Morehouse School of Medicine Student Kiandra Smith Awarded Gilliam Fellowship from the Howard Hughes Medical Institute

Ms. Smith is the first student in MSM history to receive prestigious honor, which recognizes
outstanding research and a commitment to advance equity and inclusion in science.

Kiandra Smith Kiandra Smith
Master of Science in Clinical Research and Doctor of Philosophy in Biomedical Sciences Student at MSM.

ATLANTA – August 4, 2023 – Morehouse School of Medicine (MSM) is proud to announce that graduate student Kiandra Smith has been named a Gilliam Fellow by the Howard Hughes Medical Institute (HHMI). Among the 50 new Gilliam Fellows, Ms. Smith is being honored along with her thesis advisor, MSM Professor of Pharmacology and Toxicology Jason DeBruyne, PhD. She is the first student in MSM history to receive a Gilliam Fellowship.

Ms. Smith is currently pursuing both a Master of Science in Clinical Research degree and a Doctor of Philosophy in Biomedical Sciences at Morehouse School of Medicine. She is expected to complete both degree programs in 2024 and also holds a Bachelor of Arts degree from The College of Wooster. Ms. Smith's research interests include neuroscience, the circadian clock system, and the female metabolic system.

"As a Gilliam Fellow, I am most excited about networking with others with the same passions for underrepresented communities in research, and I look forward to using this funding to propel my research knowledge in female health disparities related to the circadian clock within neuroscience, metabolism, and genetics," Ms. Smith said. "I hope to use this opportunity as a stepping stone for many amazing scientific accomplishments in the future."

Each July, the Howard Hughes Medical Institute welcomes dozens of graduate students and their advisers into a close-knit community of scientists committed to advancing equity and inclusion. Known as “Gilliam Day,” this annual celebration follows HHMI’s announcement of the newest cohort supported by the Gilliam Fellows Program. This year, HHMI is honoring 50 graduate students and their advisers for outstanding research in their respective scientific fields and their commitment to building a more inclusive scientific ecosystem. Each student-adviser pair will receive an annual award totaling $53,000 for up to three years.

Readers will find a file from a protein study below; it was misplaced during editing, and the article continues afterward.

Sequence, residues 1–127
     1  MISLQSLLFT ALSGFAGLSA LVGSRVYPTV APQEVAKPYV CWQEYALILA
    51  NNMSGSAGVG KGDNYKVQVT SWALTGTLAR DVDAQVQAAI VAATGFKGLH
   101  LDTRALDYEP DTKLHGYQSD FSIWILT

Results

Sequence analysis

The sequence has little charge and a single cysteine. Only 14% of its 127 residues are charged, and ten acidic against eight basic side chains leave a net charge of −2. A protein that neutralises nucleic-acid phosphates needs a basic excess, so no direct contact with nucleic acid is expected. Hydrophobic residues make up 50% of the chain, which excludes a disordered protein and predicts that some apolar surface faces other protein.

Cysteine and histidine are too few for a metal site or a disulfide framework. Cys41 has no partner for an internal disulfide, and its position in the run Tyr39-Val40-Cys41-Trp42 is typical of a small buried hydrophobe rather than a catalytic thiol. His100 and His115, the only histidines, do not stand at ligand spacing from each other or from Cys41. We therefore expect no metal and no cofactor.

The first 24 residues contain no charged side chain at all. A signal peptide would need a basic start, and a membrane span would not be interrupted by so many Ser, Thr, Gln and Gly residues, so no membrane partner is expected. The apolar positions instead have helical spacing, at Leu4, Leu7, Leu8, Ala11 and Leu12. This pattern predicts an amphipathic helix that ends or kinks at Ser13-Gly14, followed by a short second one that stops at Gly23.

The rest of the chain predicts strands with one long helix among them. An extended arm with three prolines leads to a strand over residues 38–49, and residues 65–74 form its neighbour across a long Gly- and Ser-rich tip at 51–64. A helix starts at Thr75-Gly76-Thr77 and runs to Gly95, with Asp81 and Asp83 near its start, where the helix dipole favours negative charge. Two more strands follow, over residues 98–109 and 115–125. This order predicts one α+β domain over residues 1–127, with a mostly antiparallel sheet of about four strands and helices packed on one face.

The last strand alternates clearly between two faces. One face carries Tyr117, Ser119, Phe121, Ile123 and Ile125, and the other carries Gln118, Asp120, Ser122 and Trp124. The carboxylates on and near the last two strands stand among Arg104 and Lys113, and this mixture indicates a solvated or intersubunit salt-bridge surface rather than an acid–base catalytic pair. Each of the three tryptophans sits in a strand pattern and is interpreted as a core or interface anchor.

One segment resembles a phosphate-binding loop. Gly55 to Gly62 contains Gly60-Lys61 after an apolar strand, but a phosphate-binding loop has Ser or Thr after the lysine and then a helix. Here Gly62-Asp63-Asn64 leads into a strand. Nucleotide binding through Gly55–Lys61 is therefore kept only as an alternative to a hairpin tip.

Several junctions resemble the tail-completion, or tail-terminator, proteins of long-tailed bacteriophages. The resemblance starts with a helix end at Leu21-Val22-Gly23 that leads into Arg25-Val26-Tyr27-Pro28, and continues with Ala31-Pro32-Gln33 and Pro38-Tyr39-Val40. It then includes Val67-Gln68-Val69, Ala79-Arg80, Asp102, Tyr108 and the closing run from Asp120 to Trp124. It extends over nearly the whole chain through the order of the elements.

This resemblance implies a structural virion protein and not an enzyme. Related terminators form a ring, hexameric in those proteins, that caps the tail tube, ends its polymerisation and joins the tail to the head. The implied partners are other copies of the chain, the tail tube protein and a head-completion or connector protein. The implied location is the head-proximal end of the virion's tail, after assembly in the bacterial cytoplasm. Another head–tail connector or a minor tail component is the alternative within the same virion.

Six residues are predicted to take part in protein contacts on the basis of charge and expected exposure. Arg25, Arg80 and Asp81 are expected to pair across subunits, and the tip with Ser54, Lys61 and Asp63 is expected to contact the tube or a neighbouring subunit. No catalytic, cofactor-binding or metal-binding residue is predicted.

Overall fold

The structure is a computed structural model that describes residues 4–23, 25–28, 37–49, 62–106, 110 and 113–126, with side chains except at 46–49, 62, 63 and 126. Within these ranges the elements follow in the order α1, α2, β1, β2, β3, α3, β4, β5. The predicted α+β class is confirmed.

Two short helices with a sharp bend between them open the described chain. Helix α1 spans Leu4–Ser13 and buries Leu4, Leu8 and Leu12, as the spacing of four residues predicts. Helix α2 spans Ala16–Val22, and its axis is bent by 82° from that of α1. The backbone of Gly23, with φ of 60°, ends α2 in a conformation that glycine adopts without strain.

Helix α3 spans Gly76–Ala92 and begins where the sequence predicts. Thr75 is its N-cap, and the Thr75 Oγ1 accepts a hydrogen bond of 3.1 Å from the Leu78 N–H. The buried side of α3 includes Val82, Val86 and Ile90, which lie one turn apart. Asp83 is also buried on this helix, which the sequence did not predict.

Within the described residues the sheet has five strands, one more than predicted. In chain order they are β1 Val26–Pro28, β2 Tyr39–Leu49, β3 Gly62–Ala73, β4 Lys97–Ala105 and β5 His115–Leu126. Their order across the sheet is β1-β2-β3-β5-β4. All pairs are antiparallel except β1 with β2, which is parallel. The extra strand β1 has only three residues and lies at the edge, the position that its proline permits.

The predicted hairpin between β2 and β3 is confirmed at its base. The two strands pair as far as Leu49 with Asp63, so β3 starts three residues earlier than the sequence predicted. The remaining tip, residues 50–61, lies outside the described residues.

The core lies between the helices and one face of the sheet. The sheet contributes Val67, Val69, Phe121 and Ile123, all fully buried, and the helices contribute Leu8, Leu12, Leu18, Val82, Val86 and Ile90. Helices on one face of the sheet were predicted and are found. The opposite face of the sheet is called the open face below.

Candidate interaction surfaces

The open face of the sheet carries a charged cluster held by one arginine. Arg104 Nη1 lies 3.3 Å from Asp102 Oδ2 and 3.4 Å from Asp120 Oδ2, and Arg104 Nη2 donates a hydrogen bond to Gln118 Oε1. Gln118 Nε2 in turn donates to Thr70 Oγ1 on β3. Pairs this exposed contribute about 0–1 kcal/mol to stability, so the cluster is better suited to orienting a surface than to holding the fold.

“The Gilliam Fellowship not only supports incredibly talented graduate students who are poised to become future leaders in science,” said Joshua Hall, senior program officer for the Gilliam Fellows Program, “but it also engages thesis advisers and institutions in the work of creating training environments in which all students can thrive.”

The Gilliam community now totals 451 outstanding scientists, tracing back to the program’s launch in 2004. This year’s cohort hails from 37 institutions across the country, including eight institutions receiving their first-ever Gilliam Fellowship award. At these first-time awardee institutions, Gilliam Fellows are working to address key questions in science and human health, including how health disparities impact cancer outcomes and how air pollutants affect the health of high school-aged children.